Warner Bros. reneged on the new deal in the aftermath of Sterling’s death. Parker, however, decided that the group should continue. A handful of friends were brought into the collective, including Parker’s new wife Ms. Melodie and brother Kenny Parker, with whom he had just recently reunited. Original member and Criminal Minded co-producer Lee Smith was dropped by Parker in pursuit of a deal. Signing with Jive/RCA Records, Parker recorded eight albums for that label in a 10-year period, eventually dropping the Boogie Down Productions moniker and billing himself as a solo performer. R.E.M. and others recruited him for collaborations, and he was among the few hip-hop acts at the Beastie Boys’ Tibetan Freedom Concerts.

Meanwhile, Criminal Minded became notoriously hard to find, falling in and out of print every few years, surfacing with a different distributor every time. Eventually, the Boston-based independent label LandSpeed Records purchased the rights of the B-Boy Records catalogue, hence a re-release in 2002. An expanded re-release titled The Best of B-Boy Records: Boogie Down Productions includes longer versions of the album’s tracks and several 12-inch singles that didn’t make Criminal Minded’s original pressing. On Spotify this bumper pack is simply known as Criminal Minded (Deluxe).[7] The album was re-released again in 2006—original art intact—when LandSpeed became Traffic Entertainment Group.

Criminal Minded has been well received by critics. Reviewing in 1988 for The Village Voice, Robert Christgau wrote in his “Consumer Guide” column:

Though one’s moralistic quibbles do recede as history demonstrates how much worse things can get and how little music has to do with it, KRS-One’s talk of fucking virgins and blowing brains out will never make him my B-boy of the first resort. I could do without the turf war, too—from the Lower East Side, not to mention Kingston or Kinshasa (or Podunk), Queens and the South Bronx are both def enough. But his mind is complex and exemplary—he’s sharp and articulate, his idealism more than a gang-code and his confusion profound. And Scott LaRock was a genius. Sampling blues metal as well as James Brown, spinning grooves to toast by, blind-siding the beat with grunts and telephones and dim backtalk, he was spare and rich simultaneously. Music will miss him more than Jaco Pastorius and Will Shatter put together.[15]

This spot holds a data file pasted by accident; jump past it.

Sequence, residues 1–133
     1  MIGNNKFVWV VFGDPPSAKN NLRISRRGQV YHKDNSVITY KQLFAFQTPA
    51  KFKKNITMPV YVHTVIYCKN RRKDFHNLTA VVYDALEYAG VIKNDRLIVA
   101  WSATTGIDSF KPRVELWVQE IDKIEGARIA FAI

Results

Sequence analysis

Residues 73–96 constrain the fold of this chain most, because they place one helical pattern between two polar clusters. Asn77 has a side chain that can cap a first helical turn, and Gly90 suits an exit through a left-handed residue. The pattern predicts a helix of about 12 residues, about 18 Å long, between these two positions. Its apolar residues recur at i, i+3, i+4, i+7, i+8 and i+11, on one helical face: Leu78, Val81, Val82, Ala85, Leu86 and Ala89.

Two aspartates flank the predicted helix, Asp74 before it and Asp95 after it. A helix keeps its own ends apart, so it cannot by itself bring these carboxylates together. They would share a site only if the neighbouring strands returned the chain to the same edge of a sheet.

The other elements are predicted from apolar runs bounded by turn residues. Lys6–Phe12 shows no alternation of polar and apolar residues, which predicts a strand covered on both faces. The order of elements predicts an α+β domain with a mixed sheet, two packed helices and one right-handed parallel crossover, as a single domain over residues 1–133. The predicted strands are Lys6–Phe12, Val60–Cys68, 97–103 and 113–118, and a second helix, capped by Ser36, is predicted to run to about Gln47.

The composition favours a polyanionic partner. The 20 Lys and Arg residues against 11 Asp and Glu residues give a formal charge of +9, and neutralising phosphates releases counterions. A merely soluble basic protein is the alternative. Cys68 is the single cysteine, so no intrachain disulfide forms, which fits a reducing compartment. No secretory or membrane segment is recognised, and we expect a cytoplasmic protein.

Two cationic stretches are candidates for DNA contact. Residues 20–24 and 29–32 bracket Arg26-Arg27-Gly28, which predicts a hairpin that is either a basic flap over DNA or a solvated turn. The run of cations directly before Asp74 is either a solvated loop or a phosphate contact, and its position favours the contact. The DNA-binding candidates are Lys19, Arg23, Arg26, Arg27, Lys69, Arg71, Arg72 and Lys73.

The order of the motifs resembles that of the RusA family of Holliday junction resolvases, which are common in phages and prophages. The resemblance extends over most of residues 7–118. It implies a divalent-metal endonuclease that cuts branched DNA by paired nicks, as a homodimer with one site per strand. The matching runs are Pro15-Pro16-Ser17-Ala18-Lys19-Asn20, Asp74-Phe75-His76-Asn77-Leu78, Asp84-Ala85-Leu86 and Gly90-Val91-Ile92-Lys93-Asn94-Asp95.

In 1998, Criminal Minded was selected by The Source as one of the 100 Best Rap Albums.[16] Vibe included it in their list of the 100 Essential Albums of the 20th Century in 1999,[17] and in 2002, the magazine placed it at number three on their list of the Top 10 Rap Albums.[18] In 2003, the album was ranked number 444 on Rolling Stone magazine’s list of the 500 greatest albums of all time, and was later ranked 239 in the 2020 edition.

Complex named the song “South Bronx” as the ninth-best hip hop diss song of all-time.[19]

In 2017, rapper MC Ren named Criminal Minded as his all-time favorite hip hop album.[20] MC Ren also heavily sampled “The Bridge Is Over” on his 1992 single “Final Frontier”.